Q&A on Child Care

The NDP PEI has promised an immediate pay increase for Early Childhood Educators of $7 per hour. Per this commitment: 

Do you intend to include Inclusion Support Assistants in your proposed wage increase?

Yes, these increases will require a review of the Special Needs Grant program administered by the Department of Education, Early Learning and Culture.

Does your proposed wage increase include educators working at non-designated (private) centres? If not, how does your party plan to offset the negative impact this will have on private centres?

Yes, the PEI NDP proposes that the $7 increase will also apply to educators working at non-designated centres as long as the Centre conforms with specific conditions regarding quality of service and working conditions and is currently paying their staff according to the wage grid applied in designated centres.

How does your party propose to make quality child care affordable for all families regardless of centre designation?

The PEI NDP has looked at models of childcare delivery in Quebec and British Columbia and is exploring a model of a flat rate charge per day such as $15 a day. Studies indicate that while such programs are expensive they have enormous impact on the numbers of women joining the workforce and on the vibrancy of the economy as a whole. This type of program requires direct government subsidies to the Centres. We envisage these subsidies being available to non-profit or publicly run centres, to some family-based caregivers and to for-private centres which conform to specific conditions.

As the introduction of such a program will take time (in British Columbia the program is being rolled out gradually - through pilot projects to begin with) the PEI NDP will immediately raise the threshold for eligibility for a child care subsidy and increase the amount of the subsidies available while the flat rate charge program is being developed.

What is your party’s plan to increase families’ access to licensed Early Learning and Child Care?

A PEI NDP government will encourage the development of a more public childcare system which may be delivered in partnership with groups such as community centres, academic institutions, community organizations, service clubs, churches or local non-profit citizens’ groups. A PEI NDP government will also partner with municipalities to create non-profit centres.

We will support citizens’ groups which wish to form a non-profit cooperative to create a child care centre through a Department of Cooperative and Community Economic Development.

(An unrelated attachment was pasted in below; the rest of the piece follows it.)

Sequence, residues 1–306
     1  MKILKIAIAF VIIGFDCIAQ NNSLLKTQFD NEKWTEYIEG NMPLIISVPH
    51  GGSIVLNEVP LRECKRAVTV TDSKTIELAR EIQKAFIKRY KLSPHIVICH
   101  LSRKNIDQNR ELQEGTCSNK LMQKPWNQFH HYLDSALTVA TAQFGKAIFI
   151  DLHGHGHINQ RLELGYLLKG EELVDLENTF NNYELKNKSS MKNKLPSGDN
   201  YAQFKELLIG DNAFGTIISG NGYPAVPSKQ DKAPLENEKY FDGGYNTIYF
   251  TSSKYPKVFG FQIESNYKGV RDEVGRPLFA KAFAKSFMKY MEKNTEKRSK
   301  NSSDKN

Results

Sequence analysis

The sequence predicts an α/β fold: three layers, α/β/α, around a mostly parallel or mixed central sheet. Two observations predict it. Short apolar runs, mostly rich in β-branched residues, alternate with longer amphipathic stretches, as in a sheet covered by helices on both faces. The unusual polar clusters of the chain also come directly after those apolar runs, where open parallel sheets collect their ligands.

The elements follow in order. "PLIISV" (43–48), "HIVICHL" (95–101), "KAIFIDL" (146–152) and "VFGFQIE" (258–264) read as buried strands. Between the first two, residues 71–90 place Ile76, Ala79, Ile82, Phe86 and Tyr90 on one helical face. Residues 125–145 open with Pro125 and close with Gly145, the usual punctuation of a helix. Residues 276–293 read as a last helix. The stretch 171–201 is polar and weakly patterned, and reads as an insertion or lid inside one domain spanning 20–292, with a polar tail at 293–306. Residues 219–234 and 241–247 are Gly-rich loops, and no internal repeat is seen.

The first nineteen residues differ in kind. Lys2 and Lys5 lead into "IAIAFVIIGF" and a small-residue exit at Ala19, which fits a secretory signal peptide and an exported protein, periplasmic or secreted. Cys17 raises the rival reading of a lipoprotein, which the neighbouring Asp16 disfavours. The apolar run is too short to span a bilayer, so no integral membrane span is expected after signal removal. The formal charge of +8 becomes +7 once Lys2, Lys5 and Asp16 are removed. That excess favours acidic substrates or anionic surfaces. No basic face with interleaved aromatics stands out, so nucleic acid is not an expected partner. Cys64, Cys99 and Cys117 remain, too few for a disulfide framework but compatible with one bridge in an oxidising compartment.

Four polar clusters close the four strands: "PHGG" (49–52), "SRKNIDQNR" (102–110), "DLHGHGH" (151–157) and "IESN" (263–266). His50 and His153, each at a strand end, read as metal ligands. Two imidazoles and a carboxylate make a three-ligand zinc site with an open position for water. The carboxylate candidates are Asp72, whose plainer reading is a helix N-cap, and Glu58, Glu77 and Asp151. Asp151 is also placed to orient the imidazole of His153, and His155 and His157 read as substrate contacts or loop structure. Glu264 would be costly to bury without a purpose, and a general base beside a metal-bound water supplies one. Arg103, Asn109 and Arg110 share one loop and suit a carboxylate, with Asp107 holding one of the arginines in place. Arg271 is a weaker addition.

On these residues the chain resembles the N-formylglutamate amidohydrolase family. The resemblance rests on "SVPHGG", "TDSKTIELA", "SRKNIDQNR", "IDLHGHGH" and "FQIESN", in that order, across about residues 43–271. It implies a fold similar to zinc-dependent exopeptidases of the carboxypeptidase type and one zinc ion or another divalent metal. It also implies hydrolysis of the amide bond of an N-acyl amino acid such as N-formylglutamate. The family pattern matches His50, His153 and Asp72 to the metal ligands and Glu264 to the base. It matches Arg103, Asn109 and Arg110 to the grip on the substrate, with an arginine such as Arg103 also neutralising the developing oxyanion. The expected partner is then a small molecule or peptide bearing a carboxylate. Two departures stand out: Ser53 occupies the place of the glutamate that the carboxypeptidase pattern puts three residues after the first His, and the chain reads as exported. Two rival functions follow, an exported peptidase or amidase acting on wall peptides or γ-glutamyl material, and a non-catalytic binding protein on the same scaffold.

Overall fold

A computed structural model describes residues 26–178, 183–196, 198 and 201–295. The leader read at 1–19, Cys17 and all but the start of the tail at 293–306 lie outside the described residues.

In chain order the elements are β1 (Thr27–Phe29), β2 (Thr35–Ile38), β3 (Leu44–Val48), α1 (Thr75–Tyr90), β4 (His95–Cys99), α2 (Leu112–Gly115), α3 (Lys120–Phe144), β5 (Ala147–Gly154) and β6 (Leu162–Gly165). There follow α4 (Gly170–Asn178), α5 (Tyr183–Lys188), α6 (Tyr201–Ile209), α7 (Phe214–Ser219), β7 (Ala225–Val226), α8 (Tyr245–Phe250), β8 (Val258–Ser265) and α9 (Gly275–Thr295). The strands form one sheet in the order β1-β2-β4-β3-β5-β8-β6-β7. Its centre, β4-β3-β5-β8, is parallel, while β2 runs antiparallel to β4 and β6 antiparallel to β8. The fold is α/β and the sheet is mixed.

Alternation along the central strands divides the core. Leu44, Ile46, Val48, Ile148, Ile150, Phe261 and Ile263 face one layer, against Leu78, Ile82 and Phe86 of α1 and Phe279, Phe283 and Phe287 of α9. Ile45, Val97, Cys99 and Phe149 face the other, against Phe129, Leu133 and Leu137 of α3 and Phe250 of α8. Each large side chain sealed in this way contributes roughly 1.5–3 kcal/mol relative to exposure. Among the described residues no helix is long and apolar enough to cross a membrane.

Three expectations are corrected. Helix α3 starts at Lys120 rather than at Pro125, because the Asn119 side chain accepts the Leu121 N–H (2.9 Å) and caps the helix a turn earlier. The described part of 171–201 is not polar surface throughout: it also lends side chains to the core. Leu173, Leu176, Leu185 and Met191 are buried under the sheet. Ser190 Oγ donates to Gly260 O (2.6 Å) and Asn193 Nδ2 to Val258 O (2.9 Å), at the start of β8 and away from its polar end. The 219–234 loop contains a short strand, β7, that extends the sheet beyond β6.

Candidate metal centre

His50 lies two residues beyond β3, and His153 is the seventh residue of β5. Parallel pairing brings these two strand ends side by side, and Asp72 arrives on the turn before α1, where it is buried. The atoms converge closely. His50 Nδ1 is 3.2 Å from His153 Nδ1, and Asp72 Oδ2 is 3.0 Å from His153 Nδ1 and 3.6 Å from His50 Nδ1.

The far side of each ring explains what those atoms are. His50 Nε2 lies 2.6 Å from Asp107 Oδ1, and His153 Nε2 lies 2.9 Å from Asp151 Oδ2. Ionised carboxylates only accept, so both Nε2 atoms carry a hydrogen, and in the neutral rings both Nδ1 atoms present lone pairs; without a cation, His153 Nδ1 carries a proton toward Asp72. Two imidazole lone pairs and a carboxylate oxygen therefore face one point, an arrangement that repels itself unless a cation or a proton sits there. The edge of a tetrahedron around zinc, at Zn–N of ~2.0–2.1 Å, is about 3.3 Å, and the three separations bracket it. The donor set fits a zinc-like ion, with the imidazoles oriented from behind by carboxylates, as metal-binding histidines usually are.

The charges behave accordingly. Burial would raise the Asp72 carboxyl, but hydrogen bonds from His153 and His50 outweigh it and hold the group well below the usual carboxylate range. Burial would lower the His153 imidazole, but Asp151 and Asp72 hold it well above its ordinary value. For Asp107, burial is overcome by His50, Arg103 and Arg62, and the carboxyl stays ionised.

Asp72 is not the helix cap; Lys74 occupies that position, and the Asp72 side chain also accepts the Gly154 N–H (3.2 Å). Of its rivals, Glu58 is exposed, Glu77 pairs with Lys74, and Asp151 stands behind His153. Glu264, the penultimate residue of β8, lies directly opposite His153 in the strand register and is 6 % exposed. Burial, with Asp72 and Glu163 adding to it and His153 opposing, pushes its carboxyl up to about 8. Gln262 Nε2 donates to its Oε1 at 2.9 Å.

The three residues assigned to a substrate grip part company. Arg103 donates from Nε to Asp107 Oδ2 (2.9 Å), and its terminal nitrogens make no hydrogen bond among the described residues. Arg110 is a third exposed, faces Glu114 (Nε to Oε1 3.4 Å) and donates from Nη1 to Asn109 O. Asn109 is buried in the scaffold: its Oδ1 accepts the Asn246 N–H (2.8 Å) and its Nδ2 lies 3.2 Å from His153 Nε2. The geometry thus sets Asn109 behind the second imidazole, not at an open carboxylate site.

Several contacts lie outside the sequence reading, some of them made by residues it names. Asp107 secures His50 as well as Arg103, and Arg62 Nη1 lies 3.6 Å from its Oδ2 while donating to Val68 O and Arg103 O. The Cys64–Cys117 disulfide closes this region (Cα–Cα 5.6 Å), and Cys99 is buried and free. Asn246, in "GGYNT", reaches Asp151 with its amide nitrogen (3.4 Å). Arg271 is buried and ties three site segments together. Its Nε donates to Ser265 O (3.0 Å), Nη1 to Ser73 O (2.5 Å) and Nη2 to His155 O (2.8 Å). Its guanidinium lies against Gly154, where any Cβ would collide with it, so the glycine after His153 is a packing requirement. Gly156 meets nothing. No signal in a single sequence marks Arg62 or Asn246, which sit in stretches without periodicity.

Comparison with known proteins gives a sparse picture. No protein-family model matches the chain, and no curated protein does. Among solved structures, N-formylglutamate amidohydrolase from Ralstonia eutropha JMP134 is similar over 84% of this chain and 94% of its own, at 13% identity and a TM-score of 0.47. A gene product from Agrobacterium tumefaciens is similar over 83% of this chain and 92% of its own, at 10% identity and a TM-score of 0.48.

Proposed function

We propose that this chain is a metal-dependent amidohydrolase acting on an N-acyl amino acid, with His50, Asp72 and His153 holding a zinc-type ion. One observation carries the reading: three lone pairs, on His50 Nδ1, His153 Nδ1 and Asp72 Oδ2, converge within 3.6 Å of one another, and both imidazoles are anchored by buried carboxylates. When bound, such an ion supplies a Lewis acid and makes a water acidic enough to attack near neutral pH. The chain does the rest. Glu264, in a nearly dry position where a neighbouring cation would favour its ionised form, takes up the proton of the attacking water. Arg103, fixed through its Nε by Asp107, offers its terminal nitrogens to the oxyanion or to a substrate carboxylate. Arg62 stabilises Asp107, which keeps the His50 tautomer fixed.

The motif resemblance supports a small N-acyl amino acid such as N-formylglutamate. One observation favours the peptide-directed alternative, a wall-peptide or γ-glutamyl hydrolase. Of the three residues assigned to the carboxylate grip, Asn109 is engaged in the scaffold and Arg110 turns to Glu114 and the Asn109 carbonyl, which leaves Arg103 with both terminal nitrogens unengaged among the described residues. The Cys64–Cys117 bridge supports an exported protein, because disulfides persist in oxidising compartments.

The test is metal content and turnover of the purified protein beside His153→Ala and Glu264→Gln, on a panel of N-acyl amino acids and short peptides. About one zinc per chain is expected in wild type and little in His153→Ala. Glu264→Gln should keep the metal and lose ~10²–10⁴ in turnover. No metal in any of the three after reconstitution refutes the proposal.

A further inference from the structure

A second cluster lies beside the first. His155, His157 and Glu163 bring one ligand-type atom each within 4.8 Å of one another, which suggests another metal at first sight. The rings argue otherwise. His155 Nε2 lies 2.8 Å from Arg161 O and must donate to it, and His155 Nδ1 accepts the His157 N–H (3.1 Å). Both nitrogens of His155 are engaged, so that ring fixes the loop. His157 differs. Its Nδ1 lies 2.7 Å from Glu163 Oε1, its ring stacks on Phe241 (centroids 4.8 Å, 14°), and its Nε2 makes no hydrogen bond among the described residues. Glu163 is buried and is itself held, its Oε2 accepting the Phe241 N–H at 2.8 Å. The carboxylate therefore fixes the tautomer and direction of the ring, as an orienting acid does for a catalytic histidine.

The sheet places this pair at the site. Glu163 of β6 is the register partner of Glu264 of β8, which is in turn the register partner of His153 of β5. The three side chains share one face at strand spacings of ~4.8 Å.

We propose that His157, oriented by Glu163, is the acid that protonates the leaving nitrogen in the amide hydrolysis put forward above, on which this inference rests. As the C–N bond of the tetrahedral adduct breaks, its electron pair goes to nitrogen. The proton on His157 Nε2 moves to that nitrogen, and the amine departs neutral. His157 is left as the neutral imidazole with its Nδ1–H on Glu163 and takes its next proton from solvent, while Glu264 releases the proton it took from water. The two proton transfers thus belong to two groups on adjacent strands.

Is the NDP PEI committed to implementing a workforce strategy to support the needed growth of the Early Learning and Child Care sector?

Yes. Clearly we will not be able to expand the numbers of quality child-care spaces without the trained staff to work in them. The Child Care Sector has been overlooked in terms of the vitally important service it provides in our communities and the highly skilled workers which it employs.

The PEI NDP is also committed to:

  • Raising wages for all workers in the child care sector

  • Investing in our communities to make them more liveable in order to stem the flow of young workers out of Prince Edward Island by:

    • Creating a province-wide publicly owned transit system

    • Creating more affordable housing through investment in public housing and other strategies

    • Creating affordable and high quality childcare

  • Ensuring good working conditions in all child care centres by enforcement and monitoring of PEI Employment Standards (including paid breaks, unpaid leave, overtime and paid holidays) in all childcare operations and amending the Employment Standards Act to include provisions such as paid sick days and fair scheduling that workers can depend on and organize their lives around.




Submitted by the NDP PEI

Addressing the crisis both in the availability of affordable childcare to Island families and the working conditions and wages of workers in the sector is a key part of the NDP PEI’s platform in the current provincial election.

We have talked to parents looking for childcare spaces, people working in the sector in PEI, examined models in Quebec and British Columbia, read reports and concluded that building a comprehensive Early Childhood Education system for PEI will be a journey, not an event, which requires a clear long-term vision matched by sustained, adequate public funding.

The NDP PEI believes in publicly funded, universal, high-quality and affordable public and non-profit childcare services that meet the needs of all parents, including parents who:

  • work irregular and/or part-time hours

  • are employed on a seasonal basis

  • require care for infants

  • have children with disabilities

  • live in rural areas of the province

As the 2008 UNICEF report card on ECEC notes:

“Overall there would seem to be strong arguments for focusing public policy and public funding on diversely delivered but universally available early childhood services funded and supervised by governmental agencies. This is the broad strategy that has been adopted by almost all OECD governments in response to the educational needs of older children, and there is no reason in principle to pursue a different strategy for early childhood services (UNICEF Innocenti Research Centre, 2008: 10).”

In PEI, today, we have a patch work of private and non-profit child care centres employing hundreds of highly-skilled staff and providing services to thousands of families. The PEI NDP will build sensitively and creatively on our existing infrastructure in order to ensure continuity for everyone in the sector.